Rejuvenating a Chronometric Speedo - PHASE 5

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Re: Rejuvenating a Chronometric Speedo - PHASE 2

Postby clive » Fri Oct 04, 2019 5:58 pm

SPRIDDLER wrote:Such skill! I wouldn't have the courage to fiddle with one.
Great Youtube clips too which convinced me that out of all the engineering on our old bikes the chrono speedo is far and away the most complex, precise and sophisticated part. You can't restore one o' them with a Helicoil or a pair of Mole grips. :(

Very true Sprids. I once counted the parts in a standard Chronometric with trip and established there were more parts than in a single engine, although i think i counted the big end and main bearings as a single unit rather than counting all the balls or rollers separately.
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Re: Rejuvenating a Chronometric Speedo - PHASE 2

Postby Group Leader » Fri Oct 04, 2019 7:25 pm

Thanks chaps for the comments :beer:

I assembled the odemeter and tripmeter drive this afternoon and there discovered a trap for the unwary (that'll include me!).

In this fine article http://www.wdbsa.nl/Jaeger-Chronometric-Overhaul.pdf it states;

"Undo the outer locknut, and unscrew the 7BA bolt from the inside. The order, which can be seen in the photo-graph, is bolt; brass shim; pawl to tripmeter, with spring; eccentric wheel and spacing washer; odometer pawl and spring; driving gear and pin; brass shim; supporting pillar on base; outer plate with pin which takes the two pawl springs; and finally the locknut."

I didn't realise the pin was there when I disassembled it and it certainly wasn't when I went to re-assemble it! So I had to do a bit more turning and produce a new steel pin ~5mm long and 0.9mm diameter. I made one end very slightly larger to provide an interference fit in the brass gear. The pin locates in a hole in the eccentric bush and provides the drive to it. Still, I got away with that one :) Actually, I found the trickiest bit of the re-assembly was getting the ends of the two pawl springs on to the retaining pin but I managed it in the end.

The speedo has now been re-assembled and put back on the bike. It would have been rude not to go and test it particularly as it looks like a wet weekend is ahead. That's a bit of a shame, as I was going to go to the last Shuttleworth Air Display of the season, themed "Race Day" it includes cars and bikes. Maybe I'll have to re-consider my plans.

Anyway, it all seems to be working nicely now so I'll give it a few miles and then I might sneak a look inside just to make sure things are still OK.

Alan
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Re: Rejuvenating a Chronometric Speedo - PHASE 2

Postby clive » Sat Oct 05, 2019 8:56 am

Alan if its working leave it alone til it goes wrong!
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Re: Rejuvenating a Chronometric Speedo - PHASE 2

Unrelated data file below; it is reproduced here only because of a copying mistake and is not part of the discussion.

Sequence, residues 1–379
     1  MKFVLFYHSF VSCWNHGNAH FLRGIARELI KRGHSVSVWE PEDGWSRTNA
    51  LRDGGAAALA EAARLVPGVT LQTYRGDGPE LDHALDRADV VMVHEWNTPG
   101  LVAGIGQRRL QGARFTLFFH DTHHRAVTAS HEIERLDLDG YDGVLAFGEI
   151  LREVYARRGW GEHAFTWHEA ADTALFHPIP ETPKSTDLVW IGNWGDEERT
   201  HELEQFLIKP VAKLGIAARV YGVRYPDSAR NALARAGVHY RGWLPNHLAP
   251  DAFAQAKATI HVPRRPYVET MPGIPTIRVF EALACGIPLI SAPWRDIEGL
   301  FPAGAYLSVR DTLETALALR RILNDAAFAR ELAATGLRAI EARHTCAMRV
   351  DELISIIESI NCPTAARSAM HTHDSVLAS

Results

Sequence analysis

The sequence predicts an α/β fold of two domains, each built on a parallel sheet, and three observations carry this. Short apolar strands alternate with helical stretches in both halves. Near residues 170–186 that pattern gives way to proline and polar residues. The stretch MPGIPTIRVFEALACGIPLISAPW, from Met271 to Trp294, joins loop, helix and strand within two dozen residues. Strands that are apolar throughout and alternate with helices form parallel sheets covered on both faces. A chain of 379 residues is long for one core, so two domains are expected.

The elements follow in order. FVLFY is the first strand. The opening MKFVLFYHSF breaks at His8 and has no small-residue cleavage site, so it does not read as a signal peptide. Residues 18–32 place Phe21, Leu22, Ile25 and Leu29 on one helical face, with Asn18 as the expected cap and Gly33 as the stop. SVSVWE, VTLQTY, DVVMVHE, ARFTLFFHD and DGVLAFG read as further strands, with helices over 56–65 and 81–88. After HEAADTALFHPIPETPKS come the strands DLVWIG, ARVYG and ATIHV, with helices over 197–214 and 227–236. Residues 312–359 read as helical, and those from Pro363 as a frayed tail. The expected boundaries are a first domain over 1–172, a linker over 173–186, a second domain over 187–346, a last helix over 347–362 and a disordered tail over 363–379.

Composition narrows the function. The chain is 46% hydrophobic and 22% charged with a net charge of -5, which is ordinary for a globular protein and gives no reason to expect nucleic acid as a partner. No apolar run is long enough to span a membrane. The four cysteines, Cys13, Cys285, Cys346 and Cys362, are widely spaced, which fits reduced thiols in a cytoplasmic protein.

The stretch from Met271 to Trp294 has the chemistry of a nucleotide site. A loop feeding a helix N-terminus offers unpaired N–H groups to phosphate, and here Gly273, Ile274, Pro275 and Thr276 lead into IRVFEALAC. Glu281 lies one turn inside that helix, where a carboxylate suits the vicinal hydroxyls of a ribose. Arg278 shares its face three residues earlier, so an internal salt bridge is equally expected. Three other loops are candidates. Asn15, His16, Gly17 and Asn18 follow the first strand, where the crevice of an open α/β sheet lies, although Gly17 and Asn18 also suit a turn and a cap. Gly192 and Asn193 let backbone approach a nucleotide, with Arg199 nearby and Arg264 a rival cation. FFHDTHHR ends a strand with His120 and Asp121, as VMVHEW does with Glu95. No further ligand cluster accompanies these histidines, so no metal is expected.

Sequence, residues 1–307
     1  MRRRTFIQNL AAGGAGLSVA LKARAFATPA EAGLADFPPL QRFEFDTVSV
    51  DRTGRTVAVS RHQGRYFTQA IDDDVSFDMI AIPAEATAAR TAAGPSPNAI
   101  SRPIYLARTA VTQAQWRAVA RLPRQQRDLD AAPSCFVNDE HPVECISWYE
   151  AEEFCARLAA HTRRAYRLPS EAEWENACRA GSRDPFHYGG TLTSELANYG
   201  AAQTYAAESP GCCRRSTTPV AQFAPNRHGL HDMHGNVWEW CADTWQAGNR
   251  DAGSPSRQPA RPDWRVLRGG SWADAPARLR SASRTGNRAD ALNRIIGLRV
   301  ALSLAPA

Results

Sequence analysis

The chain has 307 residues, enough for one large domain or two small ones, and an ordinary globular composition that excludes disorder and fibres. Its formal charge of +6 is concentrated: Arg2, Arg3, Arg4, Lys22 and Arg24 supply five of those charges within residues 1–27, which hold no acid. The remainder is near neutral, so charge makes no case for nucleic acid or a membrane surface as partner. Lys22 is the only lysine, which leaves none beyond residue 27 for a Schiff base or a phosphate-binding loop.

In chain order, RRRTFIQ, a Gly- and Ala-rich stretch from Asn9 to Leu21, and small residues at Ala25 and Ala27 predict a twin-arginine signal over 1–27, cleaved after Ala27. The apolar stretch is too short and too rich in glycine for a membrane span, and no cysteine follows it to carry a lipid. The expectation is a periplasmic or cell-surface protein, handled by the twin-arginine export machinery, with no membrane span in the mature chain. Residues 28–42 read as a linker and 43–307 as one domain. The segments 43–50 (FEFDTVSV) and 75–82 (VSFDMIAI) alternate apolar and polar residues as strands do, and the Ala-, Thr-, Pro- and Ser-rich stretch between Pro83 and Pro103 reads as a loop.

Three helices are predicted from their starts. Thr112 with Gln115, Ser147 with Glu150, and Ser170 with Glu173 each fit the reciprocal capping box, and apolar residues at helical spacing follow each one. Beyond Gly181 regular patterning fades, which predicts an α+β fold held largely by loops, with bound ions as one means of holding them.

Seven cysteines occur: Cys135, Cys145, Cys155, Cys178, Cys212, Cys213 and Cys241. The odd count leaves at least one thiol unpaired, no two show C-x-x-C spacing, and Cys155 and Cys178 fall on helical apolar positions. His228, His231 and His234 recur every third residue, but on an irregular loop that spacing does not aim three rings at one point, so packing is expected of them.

Postby Group Leader » Sat Oct 05, 2019 1:39 pm

clive wrote:Alan if its working leave it alone til it goes wrong!


You might have a point there!
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Re: Rejuvenating a Chronometric Speedo - PHASE 2

Postby Martin.S » Sat Oct 05, 2019 11:00 pm

I disagree - periodical maintenance - a clean and a light lubrication

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Re: Rejuvenating a Chronometric Speedo - PHASE 2

Postby clive » Sun Oct 06, 2019 6:43 pm

Group Leader wrote:
Anyway, it all seems to be working nicely now so I'll give it a few miles and then I might sneak a look inside just to make sure things are still OK.

Alan


Martin this was the reason for my advice, given that Alan had missed the pin during his disassembly.

Having said that the most usual fault when I used to fix speedos was lubrication in the slipping clutch. Usually caused by oil lubrication of the speedo cable, or sometimes too much grease. The cable drives it into the speedo through acting as an Archimedes Screw. If you lubricate it does need to be very light.
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Re: Rejuvenating a Chronometric Speedo - PHASE 2

Postby SPRIDDLER » Mon Oct 07, 2019 5:49 pm

clive wrote: If you lubricate it does need to be very light.

Is that Mono or Multi, Clive, and what grade do you recommend?

(Well you did post that you're bored waiting for the girls walking the Camino trail. ;) )
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Re: Rejuvenating a Chronometric Speedo - PHASE 2

Postby markwhitelock » Mon Oct 07, 2019 6:32 pm

This has been a really interesting thread, It appears that the speedo is a very complicated part of the bike!

My Smiths speedo has definitely seen better days, I can’t get the trip to reset and the drive cable is missing so I have no idea if it works (I very much doubt it). I am lacking confidence in trying to rebuild it as described here so was wondering what short term fixes are available that don’t look too out of place (I did consider a magnetic bicycle speedo!). Looking on the internet there are Smiths lookalikes from anywhere from £15 up to a few hundred for an original, what have people done who have had to replace a broken speedo?